Changes were made to the Companies Act on 31st March 2017 and the key changes were with regards to making company ownership more transparent so as to limit the use of Singapore companies for illegal uses such as money laundering and financing of terrorism. There were also changes to the Accountants Act but for this article, we will be focusing on primarily the Companies Act.
Click here to view the Ministry of Finance’s (MOF’s) Anti-Money Laundering and Countering the Financing of Terrorism Policy Statement.
In the policy statement, the MOF laid out principles for Singapore to follow. These include:
- Allocate law enforcement, financial intelligence and supervisory resources on a risk-sensitive basis
- Maintain close policy and operational coordination and cooperation across the Government
- Take a preventive approach that combines tough licencing and comprehensive reporting requirements, strict AML/CFT regulations, and risk-based supervision of the relevant financial and non-financial sectors
- Enhance private sector stakeholders’ understanding of ML/TF risks and promote a culture of compliance
- Take decisive and deterrent law enforcement action against ML/TF activity, including that relating to foreign crimes
- Disrupt drug dealing and other serious offences early to prevent proceeds from being laundered
- Provide assistance to other jurisdictions through formal and informal channels spontaneously and on request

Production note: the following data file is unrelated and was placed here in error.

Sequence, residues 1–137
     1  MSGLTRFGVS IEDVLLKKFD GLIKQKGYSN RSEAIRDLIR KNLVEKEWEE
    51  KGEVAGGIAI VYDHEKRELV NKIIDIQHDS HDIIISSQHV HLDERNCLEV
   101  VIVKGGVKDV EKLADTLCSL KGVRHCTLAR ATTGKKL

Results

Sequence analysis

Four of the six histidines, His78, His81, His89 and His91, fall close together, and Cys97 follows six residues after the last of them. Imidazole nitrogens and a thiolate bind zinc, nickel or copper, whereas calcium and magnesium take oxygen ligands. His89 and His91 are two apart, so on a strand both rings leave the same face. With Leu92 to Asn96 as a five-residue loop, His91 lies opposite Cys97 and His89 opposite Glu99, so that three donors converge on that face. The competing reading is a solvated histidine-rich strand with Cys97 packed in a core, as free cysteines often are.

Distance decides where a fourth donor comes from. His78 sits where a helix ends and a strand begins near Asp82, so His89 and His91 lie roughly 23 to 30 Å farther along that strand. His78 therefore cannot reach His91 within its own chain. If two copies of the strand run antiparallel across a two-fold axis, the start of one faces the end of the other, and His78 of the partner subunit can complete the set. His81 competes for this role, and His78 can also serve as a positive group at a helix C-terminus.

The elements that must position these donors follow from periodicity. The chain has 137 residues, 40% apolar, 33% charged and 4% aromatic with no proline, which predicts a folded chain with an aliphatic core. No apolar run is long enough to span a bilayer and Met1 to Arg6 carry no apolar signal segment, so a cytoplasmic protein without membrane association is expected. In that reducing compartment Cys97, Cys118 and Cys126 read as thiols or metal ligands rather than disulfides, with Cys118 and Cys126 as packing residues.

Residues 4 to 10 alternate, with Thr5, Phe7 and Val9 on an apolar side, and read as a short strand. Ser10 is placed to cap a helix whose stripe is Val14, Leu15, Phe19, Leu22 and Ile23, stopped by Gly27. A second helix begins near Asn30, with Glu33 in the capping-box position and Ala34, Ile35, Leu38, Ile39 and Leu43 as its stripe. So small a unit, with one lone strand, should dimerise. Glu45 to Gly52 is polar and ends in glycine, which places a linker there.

- Rigorously implement and contribute to the development of international standards, including the international standards on combating money laundering and the financing of terrorism and proliferation set by the Financial Action Task Force and United Nations Security Council Resolutions (particularly for targeted financial sanctions related to terrorism and proliferation of weapons of mass destruction)
The main legislation that governs money laundering related offences is the Corruption, Drug Trafficking and Other Serious Crimes (Confiscation of Benefits) Act (CDSA).
Click here to view the Corruption, Drug Trafficking and Other Serious Crimes (Confiscation of Benefits) Act (CDSA).
The key changes to the Companies Act are with regards to increasing the transparency of business and the beneficial owners of companies. All business owners should take note of the following changes to the Companies Act which were made on the 31st of March 2017.
- Companies (except listed companies and financial institutions) and Singapore registered LLPs are required to maintain registers of beneficial owners at prescribed places. These may include but are not limited to, the company’s registered office or the registered filing agent’s registered office.
- Foreign companies registered in Singapore must maintain registers of beneficial owners and public registers of shareholders.
- Officers, partners and managers of struck off companies are required to retain accounting records and registers of beneficial owners for five years.
- A liquidator is required to retain records of wound up companies for five years. Previously this was two years. There is also no longer the option for companies and LLPs to destroy records early if they are wound up by their members, partners or creditors.
- Nominee directors, managers and shareholders are required to disclose their nominee status and nominators to their companies of LLPs.
- Issuance and transfer of bearer shares and share warrants by foreign companies registered in Singapore are to be considered void.
When in doubt, seek legal advice or consult an experienced ACRA Filing Agent.
The editorial team at Singapore Secretary Services
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